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Despite Jessica Chastain Awesomeness, Mama Another Bad Horror Movie

Directed by Andrés Muschietti
Written by Muschietti, Barbara Muschietti, and Neil Cross
Universal, 2013

Jessica Chastain has had a couple of years that any aspiring actor would likely envy, and she’s basically come out of nowhere, too.  Look at her credits before she came into most people’s consciousness with that Tree of Life/The Help combo in 2011.  It continued in 2012 with Lawless and Zero Dark Thirty, and by that point it was like Chastain had been around forever and she is and always was our next Meryl Streep or Cate Blanchett.  So it was odd to see her pop up in a January horror movie, even with Guillermo Del Toro as a producer.

The current Rotten Tomatoes score for Mama is at 65%, which is astounding, because it’s not nearly that good.  Sure, we’ve got to figure that there’s people out there that think anything Del Toro touches is amazing, and there’s this affinity for Chastain that I totally understand.  Believe me, I love her and I she’s great in this.  But strip away the names and what you have is another damn horror movie that doesn’t make any sense.  Apparently, no one wants to abide by certain rules of horror.  Just because you put creepy or scary scenes in a movie doesn’t mean that it’s scary.  I’ll explain.

In Mama, a frantic father Jeffrey (Game of Thrones‘ Nikolaj Coster-Waldau) runs in to retrieve his two daughters and drive off with them.  He’s killed his two business partners and his wife, and it looks like he might do the same with his daughters, but then something wicked scary prevents him from doing it and we’re whisked 5 years into the future.  His twin brother is still looking for his nieces, has hired a couple of guys to help out, and his punk-rock girlfriend Annabel (Chastain) sort of just accepts it as part of life.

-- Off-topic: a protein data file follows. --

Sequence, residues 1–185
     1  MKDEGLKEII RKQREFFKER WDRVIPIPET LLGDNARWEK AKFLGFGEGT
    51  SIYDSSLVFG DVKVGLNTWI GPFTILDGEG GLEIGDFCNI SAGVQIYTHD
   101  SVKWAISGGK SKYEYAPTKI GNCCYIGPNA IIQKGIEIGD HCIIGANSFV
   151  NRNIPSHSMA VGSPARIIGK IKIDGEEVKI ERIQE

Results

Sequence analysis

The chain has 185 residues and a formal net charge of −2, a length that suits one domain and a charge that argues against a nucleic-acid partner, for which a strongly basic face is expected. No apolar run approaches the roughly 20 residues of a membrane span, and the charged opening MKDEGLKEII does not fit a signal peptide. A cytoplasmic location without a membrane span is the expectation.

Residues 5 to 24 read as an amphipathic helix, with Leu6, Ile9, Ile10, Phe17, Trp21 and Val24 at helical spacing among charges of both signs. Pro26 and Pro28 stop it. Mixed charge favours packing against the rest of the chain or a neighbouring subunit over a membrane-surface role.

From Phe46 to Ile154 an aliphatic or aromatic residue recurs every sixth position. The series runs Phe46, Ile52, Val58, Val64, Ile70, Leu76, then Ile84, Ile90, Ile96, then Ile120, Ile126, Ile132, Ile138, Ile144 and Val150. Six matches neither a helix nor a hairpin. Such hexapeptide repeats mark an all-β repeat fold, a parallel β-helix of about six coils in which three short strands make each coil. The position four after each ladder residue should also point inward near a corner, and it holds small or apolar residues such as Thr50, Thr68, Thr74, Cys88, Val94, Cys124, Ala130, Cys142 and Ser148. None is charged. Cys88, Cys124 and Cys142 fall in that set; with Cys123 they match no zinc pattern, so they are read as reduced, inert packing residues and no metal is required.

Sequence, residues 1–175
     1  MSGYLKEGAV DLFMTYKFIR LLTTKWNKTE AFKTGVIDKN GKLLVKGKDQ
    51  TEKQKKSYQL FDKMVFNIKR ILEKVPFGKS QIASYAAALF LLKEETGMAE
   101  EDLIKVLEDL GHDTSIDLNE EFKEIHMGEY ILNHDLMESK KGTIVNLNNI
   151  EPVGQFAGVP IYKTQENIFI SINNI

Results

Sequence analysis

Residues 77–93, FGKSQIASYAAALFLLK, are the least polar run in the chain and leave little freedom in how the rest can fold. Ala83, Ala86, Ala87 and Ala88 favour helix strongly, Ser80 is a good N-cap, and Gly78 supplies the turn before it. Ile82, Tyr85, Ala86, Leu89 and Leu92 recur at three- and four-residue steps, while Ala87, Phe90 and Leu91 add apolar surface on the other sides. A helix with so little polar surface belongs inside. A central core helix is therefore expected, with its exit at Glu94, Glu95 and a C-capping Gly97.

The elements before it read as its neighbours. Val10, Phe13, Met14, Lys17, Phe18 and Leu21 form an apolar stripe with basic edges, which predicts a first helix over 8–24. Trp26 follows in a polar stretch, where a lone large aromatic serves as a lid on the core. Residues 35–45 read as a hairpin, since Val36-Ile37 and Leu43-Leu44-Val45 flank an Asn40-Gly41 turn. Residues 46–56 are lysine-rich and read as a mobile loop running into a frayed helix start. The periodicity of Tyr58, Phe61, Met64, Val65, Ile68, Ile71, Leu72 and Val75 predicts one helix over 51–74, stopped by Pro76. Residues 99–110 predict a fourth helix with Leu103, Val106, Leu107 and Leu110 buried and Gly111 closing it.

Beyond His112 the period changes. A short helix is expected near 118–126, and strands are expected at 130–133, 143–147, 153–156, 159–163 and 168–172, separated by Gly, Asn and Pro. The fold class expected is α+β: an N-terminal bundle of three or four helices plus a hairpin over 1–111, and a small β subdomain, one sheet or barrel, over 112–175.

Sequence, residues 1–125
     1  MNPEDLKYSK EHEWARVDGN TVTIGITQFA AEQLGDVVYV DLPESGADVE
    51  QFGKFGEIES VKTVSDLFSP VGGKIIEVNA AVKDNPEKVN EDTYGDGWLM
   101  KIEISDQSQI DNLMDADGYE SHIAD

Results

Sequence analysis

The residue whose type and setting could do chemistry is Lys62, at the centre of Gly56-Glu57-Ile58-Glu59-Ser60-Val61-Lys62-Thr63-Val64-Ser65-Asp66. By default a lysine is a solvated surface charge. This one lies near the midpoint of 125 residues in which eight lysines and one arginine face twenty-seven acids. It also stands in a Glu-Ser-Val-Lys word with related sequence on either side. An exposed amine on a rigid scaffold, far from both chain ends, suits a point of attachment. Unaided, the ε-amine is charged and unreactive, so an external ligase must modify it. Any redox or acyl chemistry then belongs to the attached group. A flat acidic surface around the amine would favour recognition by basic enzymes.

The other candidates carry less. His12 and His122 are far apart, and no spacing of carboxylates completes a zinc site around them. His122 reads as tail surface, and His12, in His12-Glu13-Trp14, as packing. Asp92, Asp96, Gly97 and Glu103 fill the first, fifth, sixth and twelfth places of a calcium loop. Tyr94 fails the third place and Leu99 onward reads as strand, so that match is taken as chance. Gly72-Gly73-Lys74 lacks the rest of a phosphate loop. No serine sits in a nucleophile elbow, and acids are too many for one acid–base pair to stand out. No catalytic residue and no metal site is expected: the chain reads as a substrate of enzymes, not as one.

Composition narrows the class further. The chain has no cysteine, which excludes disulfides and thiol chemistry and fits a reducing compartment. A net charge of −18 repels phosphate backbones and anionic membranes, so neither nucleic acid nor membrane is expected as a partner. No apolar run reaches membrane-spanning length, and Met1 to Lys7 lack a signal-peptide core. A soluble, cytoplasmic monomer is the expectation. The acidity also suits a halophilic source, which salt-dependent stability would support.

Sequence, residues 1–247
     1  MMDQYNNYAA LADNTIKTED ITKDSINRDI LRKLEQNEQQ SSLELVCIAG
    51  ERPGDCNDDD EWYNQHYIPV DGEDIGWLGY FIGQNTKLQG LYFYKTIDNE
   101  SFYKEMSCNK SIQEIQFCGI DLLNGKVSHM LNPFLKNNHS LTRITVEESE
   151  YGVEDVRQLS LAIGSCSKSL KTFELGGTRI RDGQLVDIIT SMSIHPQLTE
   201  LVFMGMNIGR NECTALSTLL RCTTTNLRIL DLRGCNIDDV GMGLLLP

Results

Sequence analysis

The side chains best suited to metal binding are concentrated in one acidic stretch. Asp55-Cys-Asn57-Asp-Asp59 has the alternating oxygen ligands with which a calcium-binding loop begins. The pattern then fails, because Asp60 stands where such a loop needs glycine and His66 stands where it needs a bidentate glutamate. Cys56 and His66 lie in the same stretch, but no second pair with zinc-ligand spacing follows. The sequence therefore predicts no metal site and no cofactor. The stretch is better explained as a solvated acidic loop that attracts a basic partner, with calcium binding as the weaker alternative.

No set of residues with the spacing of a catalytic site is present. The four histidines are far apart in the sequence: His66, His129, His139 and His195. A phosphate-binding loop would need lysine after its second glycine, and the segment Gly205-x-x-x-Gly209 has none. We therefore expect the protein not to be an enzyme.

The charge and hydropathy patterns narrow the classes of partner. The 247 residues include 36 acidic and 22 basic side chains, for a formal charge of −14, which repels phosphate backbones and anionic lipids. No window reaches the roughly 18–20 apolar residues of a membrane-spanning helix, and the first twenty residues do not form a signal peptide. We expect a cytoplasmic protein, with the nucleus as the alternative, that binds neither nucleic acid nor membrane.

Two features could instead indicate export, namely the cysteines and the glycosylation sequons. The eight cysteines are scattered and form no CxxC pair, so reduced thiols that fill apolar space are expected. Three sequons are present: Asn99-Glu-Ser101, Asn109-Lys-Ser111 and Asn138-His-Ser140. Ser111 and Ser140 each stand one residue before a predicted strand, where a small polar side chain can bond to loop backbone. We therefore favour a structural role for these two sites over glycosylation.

The daughters are found, kind of Nell-ish in their ways after five years of being in an isolated cabin.  The older sister Victoria (Magan Charpentier) still has some of her vocabulary, but the youngest Lilly (Isabelle Nélisse) is kind of still living and talking like she’s back at the cabin.  They survived by “inventing a mother figure” that took care of them, but we know better.  A custody suit is waged between Lucas and another aunt, Jean Podalski (Jane Moffat, who also provides the voice of “Mama” in the movie), and suddenly Lucas and Annabel become parents of a particularly challenging couple of children.

It’s here where there’s all sorts of creepy stuff happening.  The sisters are in their room, often playing with someone who is unseen on camera, the mama ghost comes out of nowhere a few times to scare the audience for no reason.  One of these appearances leads Lucas to the hospital, so Annabel has to take care of the children on her own, something we know will be difficult and unwanted because she was all excited about a negative pregnancy test early in the film.  A child psychologist initially believes that some sort of psychological break is happening, but then after research he starts to believe that there might actually be a ghost involved with the sisters’ unusual behavior.  And there’s a back-story involved, of course, as to how “Mama” came to be.

So why do creepy/scary scenes not make a movie scary?  Because a movie sets up a ghost’s power as something that is amazing, that they can do almost anything they want.  So why doesn’t “Mama” do what she wants to do in the first place, which is to take the children and be with them forever and ever?  This is what we understand by the end, which by the way, might be the best part of the movie because it’s a bit ballsier than most horror movies.

But I don’t understand why a ghost comes out of nowhere to scream at people and then vanish, or to show up behind someone and do nothing, or somehow only be able to go so far when trying to take the children.  There needs to be an established set of rules, or else all the scaring is merely for the audience, and that doesn’t make any sense to me.  Now, it’s completely OK if there are sounds or scary things, and we realize that ghosts have certain limitations, and that’s why they don’t just go ahead and do what they want to do.  But “Mama” is shown as pretty much all-powerful.

Anyway, despite Jessica Chastain being great, this movie isn’t very good.  I think it has good elements, it’s better than the lowest of the low, but that’s as far as it goes.


Comment from Jonathan
Time: January 21, 2013, 4:08 pm

I chose to see “The Last Stand” instead this weekend and thought it was a lot of fun. I guess nobody else did though since “Mama” crushed it at the box office. I still think I made the right decision.

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